The number of books being banned or facing attempted bans in schools and libraries increased dramatically in 2022, with books that have LGBTQ and/or BIPOC characters predominant among them, as two new reports show. While these trends are not new, the reports find disturbing shifts in the forces behind them.
“Gender Queer,” by Maia Kobabe, a memoir about growing up nonbinary and asexual, has topped the American Library Association’s annual list of the Top 10 Most Challenged Books for the second year in a row. Of the 13 books on the list (more than 10 because of ties), seven were targeted because of LGBTQIA+ content.
The list was released April 24 as part of the American Library Association’s (ALA’s) annual “State of America’s Libraries Report,” which found a record 1,269 challenges (demands for censorship) to library, school, and university materials and services in 2022, targeting a record 2,571 unique titles, up from 729 challenges and 1,858 unique titles in 2021, both years charting a significant rise from 2020 and earlier.
Of the challenged titles, the ALA said, “the vast majority” were by or about LGBTQIA+ and/or BIPOC people. That’s unfortunately no different from many past years. The record numbers of challenges now, however, “are evidence of a growing, well-organized, conservative political movement whose goals include removing books addressing race, history, gender identity, sexuality, and reproductive health” from public and school libraries.
The ALA’s findings complement those from a recent PEN America report, “Banned in the USA: State Laws Supercharge Book Suppression in Schools,” which found that between July and December of 2022 there were 1,477 instances of individual books banned in schools (both libraries and classrooms), affecting 874 unique titles from picture books through young adult books, an increase of 28 percent over the prior six months. “Gender Queer” also topped this list.
Over 4,000 bans, affecting 2,253 unique titles, have been recorded since PEN America started tracking them in July 2021, impacting 182 school districts in 37 states and millions of students.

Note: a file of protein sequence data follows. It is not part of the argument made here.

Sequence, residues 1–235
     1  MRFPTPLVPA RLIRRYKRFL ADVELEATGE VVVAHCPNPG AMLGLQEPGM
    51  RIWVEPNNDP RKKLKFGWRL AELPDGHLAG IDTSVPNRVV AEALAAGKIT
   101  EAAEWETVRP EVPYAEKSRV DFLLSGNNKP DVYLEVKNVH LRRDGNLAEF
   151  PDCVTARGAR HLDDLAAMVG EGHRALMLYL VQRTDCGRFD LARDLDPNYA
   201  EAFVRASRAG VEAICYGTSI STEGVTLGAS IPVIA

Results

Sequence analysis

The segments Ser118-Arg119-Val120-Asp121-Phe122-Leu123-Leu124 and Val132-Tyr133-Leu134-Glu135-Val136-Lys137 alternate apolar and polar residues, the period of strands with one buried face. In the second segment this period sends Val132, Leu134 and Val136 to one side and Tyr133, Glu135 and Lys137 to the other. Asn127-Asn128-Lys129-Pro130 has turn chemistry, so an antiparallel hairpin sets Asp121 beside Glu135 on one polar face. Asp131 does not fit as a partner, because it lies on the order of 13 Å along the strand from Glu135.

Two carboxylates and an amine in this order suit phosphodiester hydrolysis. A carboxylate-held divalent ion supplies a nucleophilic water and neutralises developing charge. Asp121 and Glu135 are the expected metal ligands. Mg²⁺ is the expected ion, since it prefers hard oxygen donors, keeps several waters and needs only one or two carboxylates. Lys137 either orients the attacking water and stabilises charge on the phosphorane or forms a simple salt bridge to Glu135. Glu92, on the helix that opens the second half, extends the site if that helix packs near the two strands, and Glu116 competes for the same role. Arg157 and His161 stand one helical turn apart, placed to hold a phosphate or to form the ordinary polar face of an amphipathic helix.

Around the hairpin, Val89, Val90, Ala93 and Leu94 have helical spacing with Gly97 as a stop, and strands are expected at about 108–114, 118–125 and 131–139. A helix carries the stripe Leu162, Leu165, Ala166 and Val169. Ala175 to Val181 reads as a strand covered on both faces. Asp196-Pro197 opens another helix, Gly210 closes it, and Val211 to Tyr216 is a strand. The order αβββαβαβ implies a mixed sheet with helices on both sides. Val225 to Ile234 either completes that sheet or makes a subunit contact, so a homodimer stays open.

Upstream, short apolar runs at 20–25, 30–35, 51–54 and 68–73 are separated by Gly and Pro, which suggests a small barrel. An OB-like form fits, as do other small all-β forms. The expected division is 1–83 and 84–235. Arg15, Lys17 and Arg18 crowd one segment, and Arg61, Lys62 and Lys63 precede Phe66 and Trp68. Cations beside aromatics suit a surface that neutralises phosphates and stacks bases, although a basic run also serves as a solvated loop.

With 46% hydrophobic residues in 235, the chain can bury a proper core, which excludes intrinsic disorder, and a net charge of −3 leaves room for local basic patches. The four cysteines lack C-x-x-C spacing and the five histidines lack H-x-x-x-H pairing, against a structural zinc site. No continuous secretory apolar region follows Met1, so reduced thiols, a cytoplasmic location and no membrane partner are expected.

Both the ALA and PEN America note an increase in multiple books being targeted simultaneously. The ALA pointed to “lists of books compiled by organized censorship groups” as the main reason the recent numbers are so high. “90% of the overall number of books challenged were part of attempts to censor multiple titles,” it said. Of those attempts, 40% sought to remove or restrict over 100 titles at once.
PEN America added that while parent-led groups in 2021-22 coordinated many of the book bans, state legislation in 2022-23 is “supercharging” them. School districts “respond to vague legislation by removing large numbers of books prior to any formal review.” Many books are “banned pending investigation” and “removed from student access before due process of any kind is carried out; in many cases, books are removed before they are even read, or before objections to books are checked for basic accuracy.”
The 874 books, across all ages, contained a range of content: themes or instances of violence and physical abuse (44%); health and well-being (38%, including mental health, bullying, suicide, substance abuse, sexual well-being, and puberty); grief and death (30%); race, racism, or characters of color (30%); LGBTQ+ characters or themes (26%); sexual experiences between characters (24%); and teen pregnancy, abortion, or sexual assault (17%). Many books included content in multiple categories. The first three categories are more common than in the previous school year, “largely due to the removal of long lists of books, often covering a wide swath of topics.”
Looking just at banned picture books, however, nearly three-quarters (74%) featured LGBTQ characters and almost half (46%) featured characters of color or discussed race and racism. (Specific percentages were not given for other age ranges.)
Most instances of bans tracked by PEN America were in Texas, Florida, Missouri, Utah, and South Carolina, “driven by a confluence of local actors and state-level policy.” Yet the influence of these bans goes further, “as policies and practices are modeled and replicated across the country.”
The ALA noted, too, that book bans are only part of the problem. School and public librarians themselves are “subject to defamatory name-calling, online harassment, social media attacks, and doxxing, as well as direct threats to their safety, their employment, and their very liberty,” wrote Deborah Caldwell-Stone, director of ALA’s Office for Intellectual Freedom, in the ALA report. In 2022, she added, 12 states introduced legislation “to permit criminal prosecution of librarians and educators for distributing materials falsely claimed to be illegal and inappropriate for minors.” Yet librarians, local residents, library trustees, board members, parents, and other library advocates have in many cases joined together to fight the bans and have had some wins in court, she observed.
All kids need to see themselves, their families, and the world around them reflected in authentic ways. I am heartened by the number of new and upcoming children’s and young adult books that include LGBTQ and other marginalized people. Yes, these books will likely face challenges and bans—but I hope that kids will find ways of obtaining them and that enterprising adults (parents, librarians, and otherwise) will help make them available.
If you encounter book censorship attempts in your community, you can confidentially report them to the ALA (ala.org) and/or the National Coalition Against Censorship (ncac.org). For resources on how to prevent and respond to bans and challenges, visit uniteagainstbookbans.org (an ALA-led coalition that includes LGBTQ organizations, publishers, and others), pen.org/issue/book-bans/, and ncac.org/.